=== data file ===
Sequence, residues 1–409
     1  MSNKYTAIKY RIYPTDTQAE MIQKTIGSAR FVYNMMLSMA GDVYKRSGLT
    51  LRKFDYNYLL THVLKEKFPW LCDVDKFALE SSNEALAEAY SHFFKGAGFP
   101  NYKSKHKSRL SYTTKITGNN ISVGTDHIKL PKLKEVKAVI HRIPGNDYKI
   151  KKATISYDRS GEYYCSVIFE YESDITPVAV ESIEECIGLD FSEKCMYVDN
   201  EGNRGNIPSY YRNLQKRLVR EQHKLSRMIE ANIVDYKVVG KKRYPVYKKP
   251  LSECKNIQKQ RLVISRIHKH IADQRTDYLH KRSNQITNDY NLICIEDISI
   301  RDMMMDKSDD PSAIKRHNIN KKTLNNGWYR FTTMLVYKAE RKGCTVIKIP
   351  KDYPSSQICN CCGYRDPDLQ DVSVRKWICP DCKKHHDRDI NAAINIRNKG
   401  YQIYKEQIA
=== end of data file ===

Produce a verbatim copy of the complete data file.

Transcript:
Sequence, residues 1–409
     1  MSNKYTAIKY RIYPTDTQAE MIQKTIGSAR FVYNMMLSMA GDVYKRSGLT
    51  LRKFDYNYLL THVLKEKFPW LCDVDKFALE SSNEALAEAY SHFFKGAGFP
   101  NYKSKHKSRL SYTTKITGNN ISVGTDHIKL PKLKEVKAVI HRIPGNDYKI
   151  KKATISYDRS GEYYCSVIFE YESDITPVAV ESIEECIGLD FSEKCMYVDN
   201  EGNRGNIPSY YRNLQKRLVR EQHKLSRMIE ANIVDYKVVG KKRYPVYKKP
   251  LSECKNIQKQ RLVISRIHKH IADQRTDYLH KRSNQITNDY NLICIEDISI
   301  RDMMMDKSDD PSAIKRHNIN KKTLNNGWYR FTTMLVYKAE RKGCTVIKIP
   351  KDYPSSQICN CCGYRDPDLQ DVSVRKWICP DCKKHHDRDI NAAINIRNKG
   401  YQIYKEQIA